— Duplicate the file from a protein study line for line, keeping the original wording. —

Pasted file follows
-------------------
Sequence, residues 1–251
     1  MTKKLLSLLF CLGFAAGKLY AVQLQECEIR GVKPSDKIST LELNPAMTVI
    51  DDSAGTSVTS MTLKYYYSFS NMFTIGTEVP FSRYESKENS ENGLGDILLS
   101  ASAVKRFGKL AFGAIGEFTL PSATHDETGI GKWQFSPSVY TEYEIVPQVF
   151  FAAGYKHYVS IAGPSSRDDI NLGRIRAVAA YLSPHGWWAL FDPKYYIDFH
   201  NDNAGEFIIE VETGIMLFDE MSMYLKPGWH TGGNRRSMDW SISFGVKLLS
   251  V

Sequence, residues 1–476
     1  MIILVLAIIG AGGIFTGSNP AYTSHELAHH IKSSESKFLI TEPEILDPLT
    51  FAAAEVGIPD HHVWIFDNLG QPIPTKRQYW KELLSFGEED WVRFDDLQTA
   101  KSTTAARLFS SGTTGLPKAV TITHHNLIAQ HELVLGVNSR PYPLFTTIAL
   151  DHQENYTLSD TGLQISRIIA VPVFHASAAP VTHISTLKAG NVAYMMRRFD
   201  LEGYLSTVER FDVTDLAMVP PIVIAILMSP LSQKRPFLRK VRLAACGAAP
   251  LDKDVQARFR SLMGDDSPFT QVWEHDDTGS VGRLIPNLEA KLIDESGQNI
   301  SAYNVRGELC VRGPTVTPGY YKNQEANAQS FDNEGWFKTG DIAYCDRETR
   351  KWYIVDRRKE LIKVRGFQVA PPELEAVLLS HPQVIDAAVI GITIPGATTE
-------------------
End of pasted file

Sequence, residues 1–251
     1  MTKKLLSLLF CLGFAAGKLY AVQLQECEIR GVKPSDKIST LELNPAMTVI
    51  DDSAGTSVTS MTLKYYYSFS NMFTIGTEVP FSRYESKENS ENGLGDILLS
   101  ASAVKRFGKL AFGAIGEFTL PSATHDETGI GKWQFSPSVY TEYEIVPQVF
   151  FAAGYKHYVS IAGPSSRDDI NLGRIRAVAA YLSPHGWWAL FDPKYYIDFH
   201  NDNAGEFIIE VETGIMLFDE MSMYLKPGWH TGGNRRSMDW SISFGVKLLS
   251  V

Sequence, residues 1–476
     1  MIILVLAIIG AGGIFTGSNP AYTSHELAHH IKSSESKFLI TEPEILDPLT
    51  FAAAEVGIPD HHVWIFDNLG QPIPTKRQYW KELLSFGEED WVRFDDLQTA
   101  KSTTAARLFS SGTTGLPKAV TITHHNLIAQ HELVLGVNSR PYPLFTTIAL
   151  DHQENYTLSD TGLQISRIIA VPVFHASAAP VTHISTLKAG NVAYMMRRFD
   201  LEGYLSTVER FDVTDLAMVP PIVIAILMSP LSQKRPFLRK VRLAACGAAP
   251  LDKDVQARFR SLMGDDSPFT QVWEHDDTGS VGRLIPNLEA KLIDESGQNI
   301  SAYNVRGELC VRGPTVTPGY YKNQEANAQS FDNEGWFKTG DIAYCDRETR
   351  KWYIVDRRKE LIKVRGFQVA PPELEAVLLS HPQVIDAAVI GITIPGATTE